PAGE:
Discrete Mathematics & Theoretical Computer Science     Open Access  
Discrete Mathematics, Algorithms and Applications     Hybrid Journal   (Followers: 2)
Discussiones Mathematicae Graph Theory     Open Access   (Followers: 1)
Doklady Mathematics     Hybrid Journal  
Duke Mathematical Journal     Full-text available via subscription   (Followers: 1)
Edited Series on Advances in Nonlinear Science and Complexity     Full-text available via subscription  
Electronic Journal of Graph Theory and Applications     Open Access   (Followers: 2)
Electronic Notes in Discrete Mathematics     Full-text available via subscription   (Followers: 2)
Elemente der Mathematik     Full-text available via subscription   (Followers: 3)
Energy for Sustainable Development     Hybrid Journal   (Followers: 9)
Enseñanza de las Ciencias : Revista de Investigación y Experiencias Didácticas     Open Access  
Ensino da Matemática em Debate     Open Access  
Entropy     Open Access   (Followers: 4)
ESAIM: Control Optimisation and Calculus of Variations     Full-text available via subscription   (Followers: 1)
European Journal of Combinatorics     Full-text available via subscription   (Followers: 4)
European Journal of Mathematics     Hybrid Journal   (Followers: 1)
European Scientific Journal     Open Access   (Followers: 2)
Experimental Mathematics     Hybrid Journal   (Followers: 3)
Expositiones Mathematicae     Hybrid Journal   (Followers: 2)
Facta Universitatis, Series : Mathematics and Informatics     Open Access  
Fasciculi Mathematici     Open Access  
Finite Fields and Their Applications     Full-text available via subscription   (Followers: 4)
Fixed Point Theory and Applications     Open Access   (Followers: 1)
Formalized Mathematics     Open Access   (Followers: 2)
Foundations and Trends® in Econometrics     Full-text available via subscription   (Followers: 4)
Foundations and Trends® in Networking     Full-text available via subscription   (Followers: 1)

        1 2 3 4 | Last

Journal Cover British Journal of Mathematical and Statistical Psychology
  [SJR: 2.38]   [H-I: 36]   [19 followers]  Follow
   Full-text available via subscription Subscription journal  (Not entitled to full-text)
   ISSN (Print) 0007-1102 - ISSN (Online) 2044-8317
   Published by British Psychological Society Homepage  [10 journals]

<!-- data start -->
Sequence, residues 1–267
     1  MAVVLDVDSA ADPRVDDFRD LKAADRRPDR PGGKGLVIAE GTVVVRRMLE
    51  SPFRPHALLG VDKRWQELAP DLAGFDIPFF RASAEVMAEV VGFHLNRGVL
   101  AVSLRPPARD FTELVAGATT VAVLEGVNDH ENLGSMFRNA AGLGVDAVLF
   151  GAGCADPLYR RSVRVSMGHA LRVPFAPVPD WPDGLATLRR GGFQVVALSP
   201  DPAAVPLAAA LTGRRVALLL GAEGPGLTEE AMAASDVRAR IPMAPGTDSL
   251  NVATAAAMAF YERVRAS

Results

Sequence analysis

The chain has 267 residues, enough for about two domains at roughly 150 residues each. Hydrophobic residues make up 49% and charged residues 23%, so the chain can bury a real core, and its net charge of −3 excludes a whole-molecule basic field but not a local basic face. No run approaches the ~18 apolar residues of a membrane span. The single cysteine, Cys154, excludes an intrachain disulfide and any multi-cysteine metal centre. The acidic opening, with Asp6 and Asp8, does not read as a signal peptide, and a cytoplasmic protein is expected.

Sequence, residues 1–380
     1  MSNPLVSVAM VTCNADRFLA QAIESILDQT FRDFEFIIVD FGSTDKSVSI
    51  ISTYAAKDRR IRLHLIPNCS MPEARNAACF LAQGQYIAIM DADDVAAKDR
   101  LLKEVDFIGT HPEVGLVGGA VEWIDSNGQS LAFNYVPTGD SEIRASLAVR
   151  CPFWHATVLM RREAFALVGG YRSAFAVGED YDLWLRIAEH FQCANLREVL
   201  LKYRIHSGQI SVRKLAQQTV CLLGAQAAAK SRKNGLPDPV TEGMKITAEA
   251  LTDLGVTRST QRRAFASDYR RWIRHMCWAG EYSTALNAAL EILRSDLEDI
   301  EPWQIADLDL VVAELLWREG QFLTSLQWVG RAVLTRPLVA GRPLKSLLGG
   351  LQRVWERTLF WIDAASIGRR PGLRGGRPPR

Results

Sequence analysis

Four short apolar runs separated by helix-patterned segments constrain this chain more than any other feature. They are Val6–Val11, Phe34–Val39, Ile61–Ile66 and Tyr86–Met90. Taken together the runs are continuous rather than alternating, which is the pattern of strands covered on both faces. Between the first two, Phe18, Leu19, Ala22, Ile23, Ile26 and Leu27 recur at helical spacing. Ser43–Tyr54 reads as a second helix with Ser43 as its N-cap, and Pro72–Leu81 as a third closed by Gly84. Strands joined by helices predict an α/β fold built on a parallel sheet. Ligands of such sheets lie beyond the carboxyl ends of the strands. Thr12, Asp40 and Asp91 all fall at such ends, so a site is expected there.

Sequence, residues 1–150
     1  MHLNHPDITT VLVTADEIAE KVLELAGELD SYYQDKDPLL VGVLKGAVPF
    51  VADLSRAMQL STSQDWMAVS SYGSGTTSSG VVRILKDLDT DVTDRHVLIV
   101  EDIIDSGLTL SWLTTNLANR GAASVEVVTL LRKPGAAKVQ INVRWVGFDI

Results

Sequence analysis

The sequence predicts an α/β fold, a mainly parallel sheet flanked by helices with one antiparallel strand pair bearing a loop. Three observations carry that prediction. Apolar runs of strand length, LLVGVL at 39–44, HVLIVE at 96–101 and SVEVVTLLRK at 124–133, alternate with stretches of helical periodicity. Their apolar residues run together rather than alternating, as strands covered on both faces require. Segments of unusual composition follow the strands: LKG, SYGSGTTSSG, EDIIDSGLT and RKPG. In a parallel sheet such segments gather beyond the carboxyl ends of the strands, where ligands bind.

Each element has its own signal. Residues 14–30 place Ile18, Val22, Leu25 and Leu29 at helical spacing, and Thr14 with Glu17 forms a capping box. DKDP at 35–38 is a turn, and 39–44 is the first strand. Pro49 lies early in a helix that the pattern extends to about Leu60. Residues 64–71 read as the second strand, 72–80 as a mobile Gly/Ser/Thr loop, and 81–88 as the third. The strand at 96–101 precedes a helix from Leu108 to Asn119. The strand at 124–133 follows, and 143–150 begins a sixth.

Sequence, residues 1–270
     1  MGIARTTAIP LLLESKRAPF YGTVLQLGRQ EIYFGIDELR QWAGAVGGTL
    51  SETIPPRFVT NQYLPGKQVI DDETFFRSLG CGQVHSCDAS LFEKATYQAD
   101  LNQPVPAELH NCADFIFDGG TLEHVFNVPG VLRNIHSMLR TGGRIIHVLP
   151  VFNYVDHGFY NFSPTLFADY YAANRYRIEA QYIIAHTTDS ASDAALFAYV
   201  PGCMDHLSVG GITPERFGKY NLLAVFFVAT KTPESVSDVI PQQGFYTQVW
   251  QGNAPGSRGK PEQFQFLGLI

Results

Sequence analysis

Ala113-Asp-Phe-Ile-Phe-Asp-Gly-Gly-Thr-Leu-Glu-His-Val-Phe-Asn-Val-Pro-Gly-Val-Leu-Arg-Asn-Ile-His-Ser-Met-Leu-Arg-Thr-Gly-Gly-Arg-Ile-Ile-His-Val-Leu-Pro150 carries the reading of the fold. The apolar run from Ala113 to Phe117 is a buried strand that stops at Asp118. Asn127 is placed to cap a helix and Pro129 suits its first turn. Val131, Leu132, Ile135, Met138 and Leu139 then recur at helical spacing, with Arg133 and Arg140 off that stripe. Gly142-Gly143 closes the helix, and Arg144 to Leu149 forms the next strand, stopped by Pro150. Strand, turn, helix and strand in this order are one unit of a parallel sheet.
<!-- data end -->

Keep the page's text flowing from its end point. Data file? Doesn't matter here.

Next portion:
• Non-ignorable missingness item response theory models for choice effects
           in examinee-selected items
    • Authors: Chen-Wei Liu; Wen-Chung Wang
      Abstract: Examinee-selected item (ESI) design, in which examinees are required to respond to a fixed number of items in a given set, always yields incomplete data (i.e., when only the selected items are answered, data are missing for the others) that are likely non-ignorable in likelihood inference. Standard item response theory (IRT) models become infeasible when ESI data are missing not at random (MNAR). To solve this problem, the authors propose a two-dimensional IRT model that posits one unidimensional IRT model for observed data and another for nominal selection patterns. The two latent variables are assumed to follow a bivariate normal distribution. In this study, the mirt freeware package was adopted to estimate parameters. The authors conduct an experiment to demonstrate that ESI data are often non-ignorable and to determine how to apply the new model to the data collected. Two follow-up simulation studies are conducted to assess the parameter recovery of the new model and the consequences for parameter estimation of ignoring MNAR data. The results of the two simulation studies indicate good parameter recovery of the new model and poor parameter recovery when non-ignorable missing data were mistakenly treated as ignorable.
      PubDate: 2017-04-08T07:17:00.085834-05:
      DOI: 10.1111/bmsp.12097
  • CDF-quantile distributions for modelling random variables on the unit
    • Authors: Michael Smithson; Yiyun Shou